Presumption of shared parenting – good or bad! 19 Jun 2012
The Government has recently proposed that a presumption of shared parenting should be enshrined in legislation. The danger is that such a presumption can only be achieved by making cases about post separation child care more about parents’ rights than the child’s best interests.
This proposal must be seen against a backdrop of changes in the relative roles of the genders both within society and the family generally but also in the way the legal system deals with children cases. Fathers have in the past felt acutely disadvantaged, feeling that the legal system was not treating them equally to mothers. The labour Government attempted to neutralise the gender differences by developing the ‘welfare principle’ and the notion of the ‘best interests of the child’ being the paramount consideration of the court. This created a child focused shift.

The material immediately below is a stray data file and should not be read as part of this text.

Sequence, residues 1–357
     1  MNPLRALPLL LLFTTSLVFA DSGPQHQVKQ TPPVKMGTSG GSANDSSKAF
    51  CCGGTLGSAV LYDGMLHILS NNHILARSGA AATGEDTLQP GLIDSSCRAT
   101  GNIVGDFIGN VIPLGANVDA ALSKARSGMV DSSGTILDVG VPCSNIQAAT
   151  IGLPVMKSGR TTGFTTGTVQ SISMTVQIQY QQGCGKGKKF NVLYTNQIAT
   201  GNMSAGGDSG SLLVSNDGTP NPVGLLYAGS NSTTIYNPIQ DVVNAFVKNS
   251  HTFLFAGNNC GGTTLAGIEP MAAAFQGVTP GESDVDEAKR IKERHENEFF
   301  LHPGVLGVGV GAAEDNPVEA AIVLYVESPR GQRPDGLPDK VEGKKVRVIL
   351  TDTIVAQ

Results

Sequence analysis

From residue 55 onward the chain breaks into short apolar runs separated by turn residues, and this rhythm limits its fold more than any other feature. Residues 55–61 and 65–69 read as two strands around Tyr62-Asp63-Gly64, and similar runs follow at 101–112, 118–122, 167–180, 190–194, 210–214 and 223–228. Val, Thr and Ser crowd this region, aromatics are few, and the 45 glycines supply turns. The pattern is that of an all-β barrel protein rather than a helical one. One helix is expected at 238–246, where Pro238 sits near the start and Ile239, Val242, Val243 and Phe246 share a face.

There may be a case to answer that the court could have promoted the role of the father more forcefully and that fathers have been and continue to be marginalised, however recent case law has shown a keenness to redress that position – for instance the cases involving a transfer of residence from mother to father when other methods of ensuring a child has a balanced relationship with them both have failed. There is also the growing use of shared residence orders which put the parents on an equal footing.
The case law has developed a presumption already that children need a relationship with both their parents. However, a presumption of shared parenting could lead to a rights based approach which may in turn lead to a greater level of acrimony. A presumption of shared care should be put in place with caution, the child should remain at the centre of any decisions in relation to their care.
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